Right now, thousands of people are taking direct action as part of a global wave of protests against the biggest fossil fuel infrastructure projects across the world. We kicked off earlier this month by shutting down the UK’s largest opencast coal mine in south Wales. Last Sunday, around 1,000 people closed the world’s largest coal-exporting port in Newcastle, Australia and other bold actions are happening at power stations, oil refineries, pipelines and mines everywhere from the Philippines, Brazil and the US, to Nigeria, Germany and India. This is just the start of the promised escalation after the Paris agreement, and the largest ever act of civil disobedience in the history of the environmental movement.
Call to end ‘hellish’ refugee camps
Head of the International Rescue Committee David Miliband is calling for an end to the refugee camp system. A former British foreign secretary, Mr Miliband said wealthy nations should accept the most vulnerable 10 percent of the world’s refugees, and fund less-wealthy countries to integrate new arrivals as full-time residents.
Five things we learned this week about 2016 election campaign : Renew Economy
AUSTRALIA – The two mainstream political groupings – the Coalition and Labor – agreed on one thing in the first week of the campaign: both claim to hate the Greens, and deep down both are terrified, and in the case of Labor envious of the Greens ability to match science with policy, particularly when it comes to climate change… The polls predict a dead heat, which means two things: Either Labor get in and need the help of the Greens to pass legislation, or Turnbull gets in and needs the approval of the far right and the Coalition’s own leader of the Opposition, Tony Abbott, to pass new laws. And he will still have to deal with the Greens and the Xenophons in the Senate.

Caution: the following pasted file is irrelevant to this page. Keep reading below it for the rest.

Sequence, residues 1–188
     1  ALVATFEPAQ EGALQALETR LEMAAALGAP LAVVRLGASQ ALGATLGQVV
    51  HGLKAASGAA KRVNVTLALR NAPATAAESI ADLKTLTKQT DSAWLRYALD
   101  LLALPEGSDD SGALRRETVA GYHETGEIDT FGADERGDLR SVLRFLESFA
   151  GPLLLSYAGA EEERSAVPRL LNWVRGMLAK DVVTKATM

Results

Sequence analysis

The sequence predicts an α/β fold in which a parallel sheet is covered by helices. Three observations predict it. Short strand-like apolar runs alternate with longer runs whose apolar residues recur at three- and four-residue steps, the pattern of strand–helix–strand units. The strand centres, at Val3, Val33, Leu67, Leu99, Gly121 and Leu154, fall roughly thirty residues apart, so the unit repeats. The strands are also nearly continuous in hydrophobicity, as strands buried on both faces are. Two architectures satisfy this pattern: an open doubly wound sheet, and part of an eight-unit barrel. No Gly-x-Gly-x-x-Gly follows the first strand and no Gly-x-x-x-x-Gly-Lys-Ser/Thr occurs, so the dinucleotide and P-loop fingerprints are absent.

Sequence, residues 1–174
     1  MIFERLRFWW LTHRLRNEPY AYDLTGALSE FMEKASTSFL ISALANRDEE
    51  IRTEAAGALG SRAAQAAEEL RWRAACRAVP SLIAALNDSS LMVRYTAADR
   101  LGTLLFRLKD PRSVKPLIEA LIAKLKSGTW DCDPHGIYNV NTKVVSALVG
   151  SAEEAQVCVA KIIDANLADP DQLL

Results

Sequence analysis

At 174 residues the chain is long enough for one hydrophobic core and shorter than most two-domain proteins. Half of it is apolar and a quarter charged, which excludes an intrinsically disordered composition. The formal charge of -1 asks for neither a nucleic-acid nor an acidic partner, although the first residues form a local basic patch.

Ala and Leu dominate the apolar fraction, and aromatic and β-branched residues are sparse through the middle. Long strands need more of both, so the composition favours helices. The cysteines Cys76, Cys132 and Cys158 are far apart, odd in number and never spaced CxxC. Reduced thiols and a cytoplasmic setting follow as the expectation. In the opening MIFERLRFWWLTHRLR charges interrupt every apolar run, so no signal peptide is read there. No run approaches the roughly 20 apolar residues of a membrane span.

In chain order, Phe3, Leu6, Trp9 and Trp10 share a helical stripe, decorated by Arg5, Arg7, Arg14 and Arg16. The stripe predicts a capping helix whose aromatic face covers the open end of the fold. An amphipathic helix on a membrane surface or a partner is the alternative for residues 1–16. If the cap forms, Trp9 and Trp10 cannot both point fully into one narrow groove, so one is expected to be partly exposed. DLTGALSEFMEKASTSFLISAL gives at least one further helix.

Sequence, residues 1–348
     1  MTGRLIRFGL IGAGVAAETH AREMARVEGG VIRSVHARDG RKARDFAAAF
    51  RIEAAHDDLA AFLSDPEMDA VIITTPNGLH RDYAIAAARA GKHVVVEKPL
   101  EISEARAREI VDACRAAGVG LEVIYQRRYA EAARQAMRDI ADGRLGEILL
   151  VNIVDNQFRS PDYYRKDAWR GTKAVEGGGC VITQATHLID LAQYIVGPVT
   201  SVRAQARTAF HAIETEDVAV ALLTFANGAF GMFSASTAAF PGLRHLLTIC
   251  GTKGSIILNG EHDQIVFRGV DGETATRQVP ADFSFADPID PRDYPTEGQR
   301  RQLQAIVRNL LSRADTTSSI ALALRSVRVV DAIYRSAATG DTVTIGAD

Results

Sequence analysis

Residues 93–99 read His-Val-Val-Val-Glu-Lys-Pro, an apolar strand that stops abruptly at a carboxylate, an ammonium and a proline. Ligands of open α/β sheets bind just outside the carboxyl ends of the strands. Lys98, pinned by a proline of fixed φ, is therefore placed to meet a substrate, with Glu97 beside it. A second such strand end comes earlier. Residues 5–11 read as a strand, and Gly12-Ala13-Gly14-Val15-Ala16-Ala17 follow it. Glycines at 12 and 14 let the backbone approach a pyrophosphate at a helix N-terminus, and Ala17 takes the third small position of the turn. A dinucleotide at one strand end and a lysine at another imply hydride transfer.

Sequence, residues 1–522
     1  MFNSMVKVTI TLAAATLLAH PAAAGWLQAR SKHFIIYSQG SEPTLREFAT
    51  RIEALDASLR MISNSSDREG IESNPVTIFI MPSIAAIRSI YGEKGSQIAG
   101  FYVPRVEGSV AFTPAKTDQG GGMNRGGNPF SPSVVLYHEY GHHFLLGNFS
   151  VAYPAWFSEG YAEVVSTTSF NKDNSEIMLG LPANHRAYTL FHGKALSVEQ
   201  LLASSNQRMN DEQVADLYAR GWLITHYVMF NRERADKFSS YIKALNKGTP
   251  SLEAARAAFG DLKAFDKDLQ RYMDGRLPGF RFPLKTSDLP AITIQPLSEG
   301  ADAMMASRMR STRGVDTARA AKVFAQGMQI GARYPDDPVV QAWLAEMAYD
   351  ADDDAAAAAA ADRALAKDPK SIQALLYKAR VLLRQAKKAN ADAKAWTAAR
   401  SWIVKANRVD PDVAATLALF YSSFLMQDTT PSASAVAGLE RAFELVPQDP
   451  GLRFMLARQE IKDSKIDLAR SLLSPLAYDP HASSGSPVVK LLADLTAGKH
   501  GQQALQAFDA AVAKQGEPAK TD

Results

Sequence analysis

International pressure grows on Turnbull government over CSIRO cuts
AUSTRALIA – International pressure is mounting on the Prime Minister to intervene to prevent further damage to Australia’s global reputation caused by the CSIRO’s climate science cuts. The call comes after another leaked letter from CSIRO obtained by Fairfax Media reveals a major international weather agency wrote to CSIRO more than a year ago to express its concern about a pending cut to Australia’s efforts.
Sadiq Khan to more than double size of London’s clean air zone
The new mayor of London Sadiq Khan has made his first major policy announcement, unveiling plans to substantially increase the size of London’s clean air charging zone to tackle the capital’s illegal air pollution levels. The Ultra Low Emissions Zone (ULEZ) – which could also now come into force earlier than planned – will require drivers of the 2.5m oldest and dirtiest vehicles to pay a charge. Owners of cars that fail to meet the standards will pay a £12.50 charge, separate to the congestion charge.